Grrr, phones!

Our two phones now have the battery life of a carrot. Ideas for new include 4S and … something else.



Names in late 1700’s America

I’ve needed some actual ~1800 given names for some time. A fellow named Douglas Galbi has some very useful lists at

He has separate lists of surnames, male and female, which list names by their descending frequency of occurrence. It’s a great help.

Another resource is the list of names of those aboard the prison ship Jersey, in New York harbor. You can find that and more at

Who is that guy?

My historical novel (second of a three-part series) involves a first person narrator/protagonist named Jack Clark, who in 1801 travels to Tripoli at the behest of Thomas Jefferson. There he finds himself caught up in the beginning of America’s first foreign war.

It’s relatively easy to keep Jack’s voice consistent because he’s the character doing most of the talking, either to the reader or to others in the stories. But what about them, those other major and minor characters? How do I keep them consistent, and individual as well?

Putting myself into their heads, is one way to put it. And I do it one character at a time. That is, after I’ve got a first draft — whether it’s just a scene or chapter, or the entire book — I read through for each character, one at character at a time.

During these readings I ask: Does she repeat herself? If so, is that one of her character traits, or is it lazy writing? Does he speak in a consistent manner? If not, is it story context driving the differences, or is it just more lazy writing?

There’s, more of course, but if you find yourself thinking, ‘this character is a different person,’ you’ve discovered something that would distract your readers, even if they weren’t sure why. Armed with that knowledge you can fix the problem, and your narrative will flow better.


Historical fiction writer Susanna Fraser describes in a recent post some of her qualms about switching to Scrivener¬†as a writing platform. It’s an excellent posting that sheds some light on her writing process.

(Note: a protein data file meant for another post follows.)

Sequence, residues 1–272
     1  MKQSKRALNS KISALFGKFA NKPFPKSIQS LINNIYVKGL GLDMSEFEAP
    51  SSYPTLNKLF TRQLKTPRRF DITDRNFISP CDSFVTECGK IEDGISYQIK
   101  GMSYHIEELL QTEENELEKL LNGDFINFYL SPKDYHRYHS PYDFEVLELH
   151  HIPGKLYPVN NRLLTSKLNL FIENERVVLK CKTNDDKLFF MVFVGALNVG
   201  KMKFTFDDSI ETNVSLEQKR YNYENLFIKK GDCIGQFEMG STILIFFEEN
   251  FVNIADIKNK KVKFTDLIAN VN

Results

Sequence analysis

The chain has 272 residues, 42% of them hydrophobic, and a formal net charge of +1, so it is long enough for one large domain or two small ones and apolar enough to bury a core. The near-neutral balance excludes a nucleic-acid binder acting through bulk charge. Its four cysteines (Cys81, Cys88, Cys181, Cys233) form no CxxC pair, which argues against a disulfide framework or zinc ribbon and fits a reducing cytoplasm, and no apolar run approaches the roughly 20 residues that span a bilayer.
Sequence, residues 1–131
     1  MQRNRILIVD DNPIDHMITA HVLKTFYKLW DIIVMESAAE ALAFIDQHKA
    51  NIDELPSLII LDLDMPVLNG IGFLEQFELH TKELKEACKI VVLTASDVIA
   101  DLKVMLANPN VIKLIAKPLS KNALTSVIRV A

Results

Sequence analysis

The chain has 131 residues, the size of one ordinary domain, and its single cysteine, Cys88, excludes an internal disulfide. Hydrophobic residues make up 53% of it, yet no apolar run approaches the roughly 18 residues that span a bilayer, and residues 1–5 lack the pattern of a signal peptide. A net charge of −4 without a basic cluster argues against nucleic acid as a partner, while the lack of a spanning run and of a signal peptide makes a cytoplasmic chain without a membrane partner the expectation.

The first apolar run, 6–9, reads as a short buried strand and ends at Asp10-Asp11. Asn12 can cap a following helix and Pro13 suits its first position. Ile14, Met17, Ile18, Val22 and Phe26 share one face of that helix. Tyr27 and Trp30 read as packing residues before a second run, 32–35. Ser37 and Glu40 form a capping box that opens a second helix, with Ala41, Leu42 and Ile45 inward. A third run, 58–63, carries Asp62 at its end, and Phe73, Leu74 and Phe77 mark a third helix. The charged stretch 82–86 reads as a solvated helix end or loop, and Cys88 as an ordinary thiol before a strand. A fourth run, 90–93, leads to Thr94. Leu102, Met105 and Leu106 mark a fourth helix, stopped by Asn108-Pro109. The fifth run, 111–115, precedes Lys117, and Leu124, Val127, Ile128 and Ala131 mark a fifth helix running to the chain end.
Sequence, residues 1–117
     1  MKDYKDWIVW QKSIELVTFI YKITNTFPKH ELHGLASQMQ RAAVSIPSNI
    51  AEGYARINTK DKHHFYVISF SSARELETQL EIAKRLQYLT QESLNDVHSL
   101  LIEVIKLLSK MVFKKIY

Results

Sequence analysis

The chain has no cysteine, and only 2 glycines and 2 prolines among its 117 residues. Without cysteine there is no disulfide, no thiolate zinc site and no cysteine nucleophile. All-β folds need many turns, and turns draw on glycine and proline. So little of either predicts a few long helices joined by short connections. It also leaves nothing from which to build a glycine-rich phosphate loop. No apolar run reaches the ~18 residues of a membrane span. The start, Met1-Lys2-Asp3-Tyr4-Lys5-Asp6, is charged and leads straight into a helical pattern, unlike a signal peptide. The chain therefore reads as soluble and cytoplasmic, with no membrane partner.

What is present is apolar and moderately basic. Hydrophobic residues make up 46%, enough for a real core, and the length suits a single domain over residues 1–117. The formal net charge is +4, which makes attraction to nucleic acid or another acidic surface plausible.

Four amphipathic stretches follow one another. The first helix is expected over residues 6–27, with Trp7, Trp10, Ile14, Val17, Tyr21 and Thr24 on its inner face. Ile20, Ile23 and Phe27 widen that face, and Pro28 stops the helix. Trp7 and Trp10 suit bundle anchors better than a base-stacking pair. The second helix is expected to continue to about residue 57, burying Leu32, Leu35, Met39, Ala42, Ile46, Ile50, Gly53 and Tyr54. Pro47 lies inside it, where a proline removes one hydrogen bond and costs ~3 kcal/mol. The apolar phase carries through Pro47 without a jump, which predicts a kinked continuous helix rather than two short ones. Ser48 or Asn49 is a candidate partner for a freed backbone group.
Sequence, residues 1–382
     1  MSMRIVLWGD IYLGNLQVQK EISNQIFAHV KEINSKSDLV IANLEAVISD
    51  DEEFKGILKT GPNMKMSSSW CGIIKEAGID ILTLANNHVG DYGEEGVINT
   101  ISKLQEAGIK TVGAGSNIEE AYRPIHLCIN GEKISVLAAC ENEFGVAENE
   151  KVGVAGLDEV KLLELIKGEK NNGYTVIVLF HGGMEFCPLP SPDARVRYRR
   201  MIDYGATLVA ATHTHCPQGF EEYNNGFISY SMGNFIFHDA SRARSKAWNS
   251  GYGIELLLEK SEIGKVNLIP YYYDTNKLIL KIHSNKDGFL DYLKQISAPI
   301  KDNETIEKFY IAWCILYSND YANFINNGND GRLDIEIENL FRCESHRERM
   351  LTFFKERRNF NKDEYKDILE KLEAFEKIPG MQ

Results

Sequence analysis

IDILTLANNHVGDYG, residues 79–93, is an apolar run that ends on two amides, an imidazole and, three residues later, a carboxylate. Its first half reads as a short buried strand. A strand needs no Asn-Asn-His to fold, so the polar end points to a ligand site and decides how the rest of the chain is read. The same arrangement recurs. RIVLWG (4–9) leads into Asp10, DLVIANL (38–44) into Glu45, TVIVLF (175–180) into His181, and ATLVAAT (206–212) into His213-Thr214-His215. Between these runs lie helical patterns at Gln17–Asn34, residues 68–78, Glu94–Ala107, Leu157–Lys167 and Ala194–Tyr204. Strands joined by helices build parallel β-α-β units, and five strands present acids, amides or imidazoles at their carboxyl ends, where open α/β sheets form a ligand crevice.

A thought-provoking question comes at the end of her post:
“I wonder how much you can really force your process in a direction that’s unnatural for you?” she asks. Making me realize that although I’m typing this on a computer, using Markdown in a plain-text editor for the little formatting I need, first drafts of my fictional work are all done with pencil on paper.

So, How far can I force my own process? For first drafts, it seems, only about as far as I could throw my pencil.

Are you actually ‘writing’ ?

I guess it’s time to mention that wasting time is a matter of discipline: “Is this research, or pud-pullng?” *

You know, writers aren’t forced to waste time, but we must be aware of the difference between actual research and plain old entertainment. We must also be alert for a terrifying realization that goes something like this: “Jeebus, this arcane essay about Hamilton’s hat size is so much more interesting than my own story!” At which point that writer might want to reassess his commitment to the craft.

So Yes, reading up on hemp-growing by the Founding Fathers (a hot topic these days on the history sites) might be research. But, well, you know what I mean.

* Excess-italic alert!

Writing machine fail

I’d like to report that my lovely three-month-old computer is only diseased, but it is in fact deceased. I believe it’s the logic board rather than the HD, but I have all my writing redundantly backed up in any case.

This morning I’m off to the service wizards, where I do more pencil-on-paper drafts as I wait for my appointment with destiny.